Zappafan
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Atlanta
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Given the reality that North Korea is now a de-facto nuclear power, any economic analysis also has to take into consideration the possibility that the list of cities turned into rubble includes not just Seoul but LA, Chicago, or (we can dream) DC.

Even a "miss" that doesn't directly hit a large US population center, but detonates and spreads fallout downwind, would probably be catastrophic to the US economy in terms of psychological and physical effects. For example, a "miss" that lands in Alabama but spreads deadly fallout all over GA and Northern FL would have quite a buzzkill effect on the local economies of those regions.

You can kiss the housing and tourist markets in those areas goodbye, for starters.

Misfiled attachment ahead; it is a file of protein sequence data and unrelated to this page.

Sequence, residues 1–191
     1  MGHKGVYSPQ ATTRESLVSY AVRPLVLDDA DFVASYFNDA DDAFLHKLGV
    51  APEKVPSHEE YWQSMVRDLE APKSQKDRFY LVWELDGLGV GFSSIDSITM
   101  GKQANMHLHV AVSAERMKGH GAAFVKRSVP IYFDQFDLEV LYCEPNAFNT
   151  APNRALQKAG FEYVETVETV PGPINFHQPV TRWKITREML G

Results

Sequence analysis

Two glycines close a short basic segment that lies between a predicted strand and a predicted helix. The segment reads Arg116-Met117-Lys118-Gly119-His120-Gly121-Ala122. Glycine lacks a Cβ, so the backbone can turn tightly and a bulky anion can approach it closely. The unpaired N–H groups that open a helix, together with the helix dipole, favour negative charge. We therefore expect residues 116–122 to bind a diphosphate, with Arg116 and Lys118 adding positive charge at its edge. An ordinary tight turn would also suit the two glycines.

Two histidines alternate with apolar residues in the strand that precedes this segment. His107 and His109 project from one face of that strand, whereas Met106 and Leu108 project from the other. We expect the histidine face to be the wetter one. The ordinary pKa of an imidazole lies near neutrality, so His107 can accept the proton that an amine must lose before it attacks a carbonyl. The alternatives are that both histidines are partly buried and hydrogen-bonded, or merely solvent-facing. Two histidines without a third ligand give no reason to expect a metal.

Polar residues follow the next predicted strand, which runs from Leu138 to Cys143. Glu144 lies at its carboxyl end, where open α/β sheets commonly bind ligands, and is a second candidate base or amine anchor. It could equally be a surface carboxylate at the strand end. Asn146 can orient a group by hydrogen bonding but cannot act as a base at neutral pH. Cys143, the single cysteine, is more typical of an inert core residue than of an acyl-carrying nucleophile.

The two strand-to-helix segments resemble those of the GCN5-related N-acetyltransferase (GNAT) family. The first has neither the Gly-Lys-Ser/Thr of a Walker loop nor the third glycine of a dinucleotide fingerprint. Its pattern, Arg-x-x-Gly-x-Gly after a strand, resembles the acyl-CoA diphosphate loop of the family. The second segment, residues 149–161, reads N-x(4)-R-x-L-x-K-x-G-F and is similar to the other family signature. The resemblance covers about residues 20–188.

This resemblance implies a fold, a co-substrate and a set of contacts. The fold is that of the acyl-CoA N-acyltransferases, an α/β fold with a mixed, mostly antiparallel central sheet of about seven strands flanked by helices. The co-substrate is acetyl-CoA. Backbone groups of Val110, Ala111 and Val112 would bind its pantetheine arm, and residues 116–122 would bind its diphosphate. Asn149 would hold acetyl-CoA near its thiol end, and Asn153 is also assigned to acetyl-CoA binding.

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Ich bin der Tankendau!
Tarmoney
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Karl- I know you've written on the potential of an whether an aerial nuke detonation would cause enough of an EMP to knock out our grid, electronics, etc. and as I recall, _I think_ your position is it is a lot harder to inflict the kind of damage than one might think. I've read elsewhere that with a large enough payload at sufficient altitude (250-300 mi) the effects of the different pulse types E1-3 can be profound. Just reading about Starfish Prime on Wikipedia is enough to make me queasy. Anyway I'm in no position to judge either way but I'm wondering whether your position is any different with regard to NK given the magnitude of their recent nuke tests. My worry is that reentry may not even be something that needs to be achieved. Given our reliance on everything electronic, even limited damage might be enough to cause real problems here.